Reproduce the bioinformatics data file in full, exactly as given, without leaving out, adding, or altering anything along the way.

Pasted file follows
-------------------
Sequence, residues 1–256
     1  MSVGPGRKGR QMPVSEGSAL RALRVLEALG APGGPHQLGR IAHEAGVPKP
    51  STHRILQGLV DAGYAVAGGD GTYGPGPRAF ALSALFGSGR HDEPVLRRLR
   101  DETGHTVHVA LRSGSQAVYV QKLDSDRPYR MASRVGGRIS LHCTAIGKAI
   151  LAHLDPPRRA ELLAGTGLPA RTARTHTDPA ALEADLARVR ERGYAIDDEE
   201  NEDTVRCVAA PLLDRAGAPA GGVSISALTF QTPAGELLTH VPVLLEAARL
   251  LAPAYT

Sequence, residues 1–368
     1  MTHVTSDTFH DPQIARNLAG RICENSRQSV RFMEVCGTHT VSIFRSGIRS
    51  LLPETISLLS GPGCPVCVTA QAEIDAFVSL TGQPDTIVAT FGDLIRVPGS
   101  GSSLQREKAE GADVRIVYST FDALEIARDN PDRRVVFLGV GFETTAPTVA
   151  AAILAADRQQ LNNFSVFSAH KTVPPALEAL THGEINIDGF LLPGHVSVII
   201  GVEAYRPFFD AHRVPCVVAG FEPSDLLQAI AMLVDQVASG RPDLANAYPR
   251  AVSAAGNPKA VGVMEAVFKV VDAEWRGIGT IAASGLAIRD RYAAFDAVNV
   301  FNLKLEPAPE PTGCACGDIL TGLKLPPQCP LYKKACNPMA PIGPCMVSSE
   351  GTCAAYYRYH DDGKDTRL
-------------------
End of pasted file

Sequence, residues 1–256
     1  MSVGPGRKGR QMPVSEGSAL RALRVLEALG APGGPHQLGR IAHEAGVPKP
    51  STHRILQGLV DAGYAVAGGD GTYGPGPRAF ALSALFGSGR HDEPVLRRLR
   101  DETGHTVHVA LRSGSQAVYV QKLDSDRPYR MASRVGGRIS LHCTAIGKAI
   151  LAHLDPPRRA ELLAGTGLPA RTARTHTDPA ALEADLARVR ERGYAIDDEE
   201  NEDTVRCVAA PLLDRAGAPA GGVSISALTF QTPAGELLTH VPVLLEAARL
   251  LAPAYT

Sequence, residues 1–368
     1  MTHVTSDTFH DPQIARNLAG RICENSRQSV RFMEVCGTHT VSIFRSGIRS
    51  LLPETISLLS GPGCPVCVTA QAEIDAFVSL TGQPDTIVAT FGDLIRVPGS
   101  GSSLQREKAE GADVRIVYST FDALEIARDN PDRRVVFLGV GFETTAPTVA
   151  AAILAADRQQ LNNFSVFSAH KTVPPALEAL THGEINIDGF LLPGHVSVII
   201  GVEAYRPFFD AHRVPCVVAG FEPSDLLQAI AMLVDQVASG RPDLANAYPR
   251  AVSAAGNPKA VGVMEAVFKV VDAEWRGIGT IAASGLAIRD RYAAFDAVNV
   301  FNLKLEPAPE PTGCACGDIL TGLKLPPQCP LYKKACNPMA PIGPCMVSSE
   351  GTCAAYYRYH DDGKDTRL